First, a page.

Posted in Reviews

Review: Hyperion by Dan Simmons

Spoiler-free Snippet

Dan Simmons’ Hyperion is a science fiction novel written in the style of The Canterbury Tales. A group of pilgrims set out for a mysterious destination and deity in hopes of having a wish granted. As they make the journey, they decide to share their tales. Hyperion was a READ until about 80 percent through, when you get to the story of the Consul. From then on, it’s as if the writer decides he’d rather recount The Wizard of Oz in a far-future space adventure. The book is worth reading for the compelling stories and characters prior to that, though. With an interesting set of stories and a solid delivery method, Hyperion is a solid choice for a science fiction reader. I’m calling it a READ WITH CAUTION, though. Be prepared for a let down at the end.

Here, There Be Spoilers

Hyperion is basically a science fiction version of The Canterbury Tales, as I said before (with less kissing of bare ass). We follow seven pilgrims on their journey to see the mystical Shrike, a bladed, metal monster that resides in the Time Tombs on the outer planet Hyperion. Each pilgrim has the potential chance to propose a wish to the Shrike, who may choose to grant the wish of one person, then kill the rest. As the journey unfolds, they all decide to share their stories, detailing how each one’s life has been irrevocably changed by the Shrike and Hyperion’s existence. The tales are even named similarly to Chaucer’s Tales, such as “The Detective’s Tale.”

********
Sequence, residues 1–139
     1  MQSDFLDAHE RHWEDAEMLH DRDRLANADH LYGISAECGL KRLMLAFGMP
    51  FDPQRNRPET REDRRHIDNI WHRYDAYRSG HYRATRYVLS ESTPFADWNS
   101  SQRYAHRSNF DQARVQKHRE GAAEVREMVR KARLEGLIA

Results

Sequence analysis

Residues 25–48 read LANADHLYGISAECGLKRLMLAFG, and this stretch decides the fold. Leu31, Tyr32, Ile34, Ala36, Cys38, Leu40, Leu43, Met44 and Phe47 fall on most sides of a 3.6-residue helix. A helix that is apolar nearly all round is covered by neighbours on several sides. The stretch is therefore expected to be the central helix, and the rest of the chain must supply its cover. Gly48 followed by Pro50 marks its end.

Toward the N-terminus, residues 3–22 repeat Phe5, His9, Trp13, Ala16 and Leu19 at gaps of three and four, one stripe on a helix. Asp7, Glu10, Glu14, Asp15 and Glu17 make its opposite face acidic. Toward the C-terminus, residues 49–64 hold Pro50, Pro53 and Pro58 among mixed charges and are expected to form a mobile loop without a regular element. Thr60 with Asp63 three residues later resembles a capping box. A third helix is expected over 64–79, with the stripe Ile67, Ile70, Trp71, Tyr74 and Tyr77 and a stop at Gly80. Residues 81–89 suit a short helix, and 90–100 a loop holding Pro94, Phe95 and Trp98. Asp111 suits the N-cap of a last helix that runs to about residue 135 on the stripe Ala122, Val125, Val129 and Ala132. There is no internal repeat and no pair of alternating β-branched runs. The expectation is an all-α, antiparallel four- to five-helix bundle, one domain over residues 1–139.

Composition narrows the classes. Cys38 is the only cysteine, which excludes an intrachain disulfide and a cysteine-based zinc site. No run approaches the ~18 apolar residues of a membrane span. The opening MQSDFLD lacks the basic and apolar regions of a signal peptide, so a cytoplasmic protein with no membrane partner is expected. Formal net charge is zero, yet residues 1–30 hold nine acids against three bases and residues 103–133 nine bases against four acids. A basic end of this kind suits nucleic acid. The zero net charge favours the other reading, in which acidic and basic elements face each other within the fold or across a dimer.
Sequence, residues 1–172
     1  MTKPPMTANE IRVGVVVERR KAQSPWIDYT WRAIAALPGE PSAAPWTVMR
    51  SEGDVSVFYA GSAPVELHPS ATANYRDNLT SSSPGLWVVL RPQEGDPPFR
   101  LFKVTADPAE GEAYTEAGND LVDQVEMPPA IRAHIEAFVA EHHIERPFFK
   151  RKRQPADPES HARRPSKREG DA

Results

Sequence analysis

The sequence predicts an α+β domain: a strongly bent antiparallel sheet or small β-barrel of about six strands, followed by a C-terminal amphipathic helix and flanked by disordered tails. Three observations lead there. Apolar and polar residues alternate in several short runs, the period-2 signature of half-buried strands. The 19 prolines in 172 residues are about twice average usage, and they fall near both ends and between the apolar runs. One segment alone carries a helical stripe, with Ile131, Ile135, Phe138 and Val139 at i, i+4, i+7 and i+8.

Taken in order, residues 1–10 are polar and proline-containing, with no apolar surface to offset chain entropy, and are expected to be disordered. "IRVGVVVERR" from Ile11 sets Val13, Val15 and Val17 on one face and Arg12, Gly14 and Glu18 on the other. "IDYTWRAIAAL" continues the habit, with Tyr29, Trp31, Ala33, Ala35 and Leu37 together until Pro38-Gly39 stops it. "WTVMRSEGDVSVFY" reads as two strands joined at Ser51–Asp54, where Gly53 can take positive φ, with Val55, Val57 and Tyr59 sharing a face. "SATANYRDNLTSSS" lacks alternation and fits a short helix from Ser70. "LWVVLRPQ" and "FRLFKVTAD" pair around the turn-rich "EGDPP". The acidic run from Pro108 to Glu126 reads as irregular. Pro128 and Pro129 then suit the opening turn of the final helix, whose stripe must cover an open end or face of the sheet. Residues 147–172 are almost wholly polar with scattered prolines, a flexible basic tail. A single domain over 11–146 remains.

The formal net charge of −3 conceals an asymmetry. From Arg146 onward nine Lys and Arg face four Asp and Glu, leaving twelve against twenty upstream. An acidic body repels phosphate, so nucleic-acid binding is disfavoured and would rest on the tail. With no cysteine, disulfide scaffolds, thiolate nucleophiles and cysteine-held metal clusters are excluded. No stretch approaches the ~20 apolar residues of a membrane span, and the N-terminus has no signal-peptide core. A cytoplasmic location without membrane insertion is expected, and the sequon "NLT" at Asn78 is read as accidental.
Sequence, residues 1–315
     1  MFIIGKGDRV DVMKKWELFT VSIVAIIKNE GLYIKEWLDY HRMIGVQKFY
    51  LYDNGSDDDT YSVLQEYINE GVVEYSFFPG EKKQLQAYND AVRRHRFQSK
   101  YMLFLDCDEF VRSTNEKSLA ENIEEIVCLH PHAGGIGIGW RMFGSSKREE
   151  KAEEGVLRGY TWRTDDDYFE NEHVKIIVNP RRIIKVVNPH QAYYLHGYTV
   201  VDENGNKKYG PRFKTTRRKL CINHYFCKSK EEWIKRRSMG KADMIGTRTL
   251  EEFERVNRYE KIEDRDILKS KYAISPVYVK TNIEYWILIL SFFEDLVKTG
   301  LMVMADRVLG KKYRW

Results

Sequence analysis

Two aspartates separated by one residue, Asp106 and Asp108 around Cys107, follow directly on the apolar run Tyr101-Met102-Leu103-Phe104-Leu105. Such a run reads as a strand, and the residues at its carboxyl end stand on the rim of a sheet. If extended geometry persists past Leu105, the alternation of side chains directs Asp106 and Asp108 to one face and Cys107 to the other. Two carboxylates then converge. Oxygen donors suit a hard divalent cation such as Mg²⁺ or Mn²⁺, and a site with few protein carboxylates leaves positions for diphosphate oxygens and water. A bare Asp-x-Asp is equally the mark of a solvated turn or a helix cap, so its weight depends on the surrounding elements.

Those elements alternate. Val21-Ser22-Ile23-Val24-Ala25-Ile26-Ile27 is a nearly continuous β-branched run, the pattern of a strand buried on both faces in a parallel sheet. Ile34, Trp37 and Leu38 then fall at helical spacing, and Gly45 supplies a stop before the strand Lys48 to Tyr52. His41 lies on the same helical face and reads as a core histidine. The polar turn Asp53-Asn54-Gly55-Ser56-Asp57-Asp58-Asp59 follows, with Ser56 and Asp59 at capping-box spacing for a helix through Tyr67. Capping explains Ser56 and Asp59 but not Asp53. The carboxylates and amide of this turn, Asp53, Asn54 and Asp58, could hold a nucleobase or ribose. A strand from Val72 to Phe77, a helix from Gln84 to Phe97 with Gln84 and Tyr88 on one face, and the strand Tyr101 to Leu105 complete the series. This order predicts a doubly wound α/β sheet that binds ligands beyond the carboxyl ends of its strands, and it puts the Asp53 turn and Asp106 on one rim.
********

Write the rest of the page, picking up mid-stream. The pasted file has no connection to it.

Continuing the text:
Simmons touches on some grand and engaging themes and locales in Hyperion. We see a giant tree ship that hurtles through space as a living vessel for a grand race of Templars. At one point, the group crosses a vast sea of grass on a wind ship in a Ghibli-esque situation. Giant manta rays pull a barge down a river. Great Tesla tree forests spit fiery electricity at anyone unlucky enough to be in their midst. Houses contain windows to other worlds through teleportation-style transportation devices. The mysterious Shrike legend and cultures themselves are fairly vibrant, even if some aren’t explained enough for me.

The story is solid, but the writing falls prey to something that a lot of fantasy and older science fiction books seem to have a weakness for: over description. The intricacy of buttons on a coat and the mind-numblingly complex functionalities of completely fiction future tech are presented in excruciating detail. It was the sort of thing that makes my eyes glaze over. After I read five paragraphs about buttons, I can’t remember who was wearing the coat. Some folks might like the descriptions of the crazy future tech, but for me it encumbered an otherwise good story, and brought the whole thing down a notch.